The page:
I WROTE a month or two ago about wine rivers in Europe, but I did not mention the wettest one at the time. This is the Minho, 50 miles or so of which marks Portugal’s northern border with Spain. When I was there recently, it certainly lived up to its reputation. From the Spanish side of the border comes the increasingly popular Rías Baixas, which has the Albariño grape at its heart; from the Portuguese side comes Vinho Verde, where the Alvarinho is playing an ever-increasing part.
Vinho Verde (the verde refers to its youth and not to its colour) is produced from a host of small vineyards over an area from south of Porto up to the Minho. Under the dictatorship of Salazar, there was a multiplicity of small producers, and much of the wine was made in co-operative cellars. Most Vinho Verde was blended from Loureiro, Trajadura, and Pederna grapes for the white wines; and Vinhão, Azal, and Espadeiro for the red.
What all these grapes had in common was that they gave high yields of highly acid wines that were low in alcohol. The producers regularly added a little gas to the wine to disguise its acidity while preserving its freshness. In summer, on the beach, there is much to be said for such a wine.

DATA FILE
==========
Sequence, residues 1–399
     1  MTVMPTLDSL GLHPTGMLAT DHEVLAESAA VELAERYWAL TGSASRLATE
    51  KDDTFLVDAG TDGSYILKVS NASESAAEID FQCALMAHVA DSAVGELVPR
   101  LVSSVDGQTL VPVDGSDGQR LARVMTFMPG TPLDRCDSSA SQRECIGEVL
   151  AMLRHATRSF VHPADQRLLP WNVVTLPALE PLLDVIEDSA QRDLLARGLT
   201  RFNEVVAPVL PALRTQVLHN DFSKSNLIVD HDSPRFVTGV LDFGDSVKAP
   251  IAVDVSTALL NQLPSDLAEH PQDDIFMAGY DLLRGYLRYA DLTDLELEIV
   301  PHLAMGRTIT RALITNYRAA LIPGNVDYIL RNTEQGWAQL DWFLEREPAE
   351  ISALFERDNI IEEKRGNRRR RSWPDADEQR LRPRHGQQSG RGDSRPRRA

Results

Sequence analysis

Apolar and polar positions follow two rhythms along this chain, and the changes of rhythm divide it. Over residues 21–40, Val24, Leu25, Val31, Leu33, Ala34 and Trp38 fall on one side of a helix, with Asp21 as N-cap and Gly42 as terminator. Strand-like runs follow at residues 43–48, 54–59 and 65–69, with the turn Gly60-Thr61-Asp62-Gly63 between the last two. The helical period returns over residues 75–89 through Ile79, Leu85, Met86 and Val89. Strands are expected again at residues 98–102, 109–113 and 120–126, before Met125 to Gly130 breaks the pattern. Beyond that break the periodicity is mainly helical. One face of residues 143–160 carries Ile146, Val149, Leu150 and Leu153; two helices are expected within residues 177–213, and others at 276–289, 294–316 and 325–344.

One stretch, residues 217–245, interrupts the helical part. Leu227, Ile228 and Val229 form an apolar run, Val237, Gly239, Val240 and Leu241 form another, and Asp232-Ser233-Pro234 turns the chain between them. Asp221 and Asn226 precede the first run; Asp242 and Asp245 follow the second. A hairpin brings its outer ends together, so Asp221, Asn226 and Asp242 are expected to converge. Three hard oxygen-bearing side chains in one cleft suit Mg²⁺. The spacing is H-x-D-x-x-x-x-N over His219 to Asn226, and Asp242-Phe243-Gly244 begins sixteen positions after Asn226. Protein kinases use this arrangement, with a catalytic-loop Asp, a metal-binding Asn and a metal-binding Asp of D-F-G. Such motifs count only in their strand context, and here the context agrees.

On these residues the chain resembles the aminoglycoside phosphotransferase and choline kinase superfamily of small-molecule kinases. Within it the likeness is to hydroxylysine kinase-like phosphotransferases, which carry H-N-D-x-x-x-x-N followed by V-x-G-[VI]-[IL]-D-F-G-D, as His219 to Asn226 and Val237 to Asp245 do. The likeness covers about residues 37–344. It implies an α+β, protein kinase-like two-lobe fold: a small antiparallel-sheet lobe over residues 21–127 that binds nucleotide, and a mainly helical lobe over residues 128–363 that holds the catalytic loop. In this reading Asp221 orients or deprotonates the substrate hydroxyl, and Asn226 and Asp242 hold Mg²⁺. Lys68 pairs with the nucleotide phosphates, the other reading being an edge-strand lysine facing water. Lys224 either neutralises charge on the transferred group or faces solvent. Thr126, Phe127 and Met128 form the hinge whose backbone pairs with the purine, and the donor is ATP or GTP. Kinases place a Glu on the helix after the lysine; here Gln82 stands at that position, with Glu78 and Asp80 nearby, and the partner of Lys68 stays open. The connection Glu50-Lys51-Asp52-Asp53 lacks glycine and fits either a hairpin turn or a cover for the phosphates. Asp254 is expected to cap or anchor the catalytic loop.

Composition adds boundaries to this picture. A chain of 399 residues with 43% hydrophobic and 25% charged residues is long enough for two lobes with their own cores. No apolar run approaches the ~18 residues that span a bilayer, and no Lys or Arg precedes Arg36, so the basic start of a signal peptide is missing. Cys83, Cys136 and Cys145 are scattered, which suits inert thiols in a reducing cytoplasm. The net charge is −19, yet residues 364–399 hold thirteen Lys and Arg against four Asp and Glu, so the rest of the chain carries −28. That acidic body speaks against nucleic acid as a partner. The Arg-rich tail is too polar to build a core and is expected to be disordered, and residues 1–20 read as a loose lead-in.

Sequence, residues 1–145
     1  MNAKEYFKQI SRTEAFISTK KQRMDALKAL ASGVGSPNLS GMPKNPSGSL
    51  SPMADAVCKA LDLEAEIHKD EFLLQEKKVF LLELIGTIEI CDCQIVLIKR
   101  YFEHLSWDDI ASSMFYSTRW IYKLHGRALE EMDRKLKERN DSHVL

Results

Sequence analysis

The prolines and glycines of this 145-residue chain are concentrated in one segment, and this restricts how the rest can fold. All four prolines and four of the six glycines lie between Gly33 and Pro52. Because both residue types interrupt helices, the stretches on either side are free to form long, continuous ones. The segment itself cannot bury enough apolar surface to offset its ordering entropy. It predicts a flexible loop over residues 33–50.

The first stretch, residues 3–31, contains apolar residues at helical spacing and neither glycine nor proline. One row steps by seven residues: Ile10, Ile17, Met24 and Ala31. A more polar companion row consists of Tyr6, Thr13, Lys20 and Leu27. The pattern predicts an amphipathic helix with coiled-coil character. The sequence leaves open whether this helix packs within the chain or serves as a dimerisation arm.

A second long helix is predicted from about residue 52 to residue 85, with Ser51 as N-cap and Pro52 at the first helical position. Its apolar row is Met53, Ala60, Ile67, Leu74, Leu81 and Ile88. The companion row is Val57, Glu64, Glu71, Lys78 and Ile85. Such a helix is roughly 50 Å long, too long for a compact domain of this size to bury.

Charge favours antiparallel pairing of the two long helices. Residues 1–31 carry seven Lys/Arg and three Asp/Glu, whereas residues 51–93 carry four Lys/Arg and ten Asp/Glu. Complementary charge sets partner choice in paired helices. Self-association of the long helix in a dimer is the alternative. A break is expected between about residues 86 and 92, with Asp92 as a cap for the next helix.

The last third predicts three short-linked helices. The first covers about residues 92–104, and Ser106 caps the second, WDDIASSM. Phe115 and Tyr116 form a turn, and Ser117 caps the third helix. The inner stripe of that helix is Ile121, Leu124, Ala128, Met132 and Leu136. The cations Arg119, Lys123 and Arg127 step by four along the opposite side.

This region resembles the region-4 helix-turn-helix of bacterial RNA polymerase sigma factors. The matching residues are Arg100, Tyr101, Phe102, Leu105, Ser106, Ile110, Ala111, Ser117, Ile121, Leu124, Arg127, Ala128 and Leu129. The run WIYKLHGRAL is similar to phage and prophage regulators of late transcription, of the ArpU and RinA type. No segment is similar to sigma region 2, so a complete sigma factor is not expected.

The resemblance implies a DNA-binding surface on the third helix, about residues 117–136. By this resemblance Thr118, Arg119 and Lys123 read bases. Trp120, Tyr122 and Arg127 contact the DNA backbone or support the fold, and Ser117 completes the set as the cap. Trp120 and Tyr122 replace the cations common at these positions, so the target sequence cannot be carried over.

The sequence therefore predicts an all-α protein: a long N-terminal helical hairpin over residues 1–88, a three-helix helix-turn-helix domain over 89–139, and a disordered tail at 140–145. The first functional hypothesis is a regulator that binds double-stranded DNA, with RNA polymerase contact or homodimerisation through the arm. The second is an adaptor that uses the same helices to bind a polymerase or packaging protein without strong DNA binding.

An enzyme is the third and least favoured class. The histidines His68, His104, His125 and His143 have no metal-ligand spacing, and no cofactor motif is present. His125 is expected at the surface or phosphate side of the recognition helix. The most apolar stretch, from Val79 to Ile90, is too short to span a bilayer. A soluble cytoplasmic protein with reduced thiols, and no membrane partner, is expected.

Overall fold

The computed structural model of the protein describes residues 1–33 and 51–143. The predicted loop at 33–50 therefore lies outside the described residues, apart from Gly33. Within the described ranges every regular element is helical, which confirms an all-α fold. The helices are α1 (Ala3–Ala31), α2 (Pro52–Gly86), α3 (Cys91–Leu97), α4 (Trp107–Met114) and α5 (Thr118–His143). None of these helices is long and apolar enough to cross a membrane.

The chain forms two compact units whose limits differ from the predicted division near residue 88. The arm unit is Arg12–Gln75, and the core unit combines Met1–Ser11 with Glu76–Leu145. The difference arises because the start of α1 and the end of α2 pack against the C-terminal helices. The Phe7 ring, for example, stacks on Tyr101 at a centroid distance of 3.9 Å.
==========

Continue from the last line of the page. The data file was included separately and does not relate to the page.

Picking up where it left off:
The appellation Vinho Verde, however, has also encompassed a very different style of wine: one made largely in a narrow strip of vineyards along the south bank of the Minho. This wine has the Alvarinho grape at its heart. For a long time, there were just a few wineries making these wines, and their rarity led to high prices. Such a winery was the Palácio da Brejoeira. At this time, the planting of the Alvarinho had not spread further south, and a regional appellation of Monçao-Melgaço was created with the appellation Vinho Verde Alvarinho.
The largest producer in the region is the Co-operative Cellar at Monçao, which was founded by just 25 growers in 1958. It now also has a large facility in the sister town of Melgaço. Its main brand is Muralhas de Monção: this is a blend of Alvarinho and Trajadura grapes, and has an alcohol content of 12.5 per cent rather than the usual nine per cent of the traditional Vinho Verde. Among their other wines is a red Adega de Monção (10.5 per cent), which makes an ideal partner to the grilled sardines that feature in the region’s cuisine.
More expensive are the wines of Quinta de Soalheiro, one of the newer wineries in the area. They exploit the grape to the maximum, with a range that includes barrel-aged, sparkling, and sweet wines to complement their Alvarinho Clássico. My favourite was their Primeras Vinhas, made exclusively from the grapes of their earliest planting.
While Vinho Verde makes for ideal summer drinking, it does not seem to have caught the imagination of the high-street buyers. Here are some suggestions: for a classic old-style, Sainsbury’s Vinho Verde (nine per cent), £5; Quinta de Azevedo 2015, a Loureiro/Pederná blend (Waitrose, £8.49); 8 Razones Albariño 2015 (Laithwaites, £14.99). Also, two Alvarinhos: Muros Antigos (Oddbins, £10.75); and, from Marks & Spencer, Tercius Monçao e Melgaço (£13).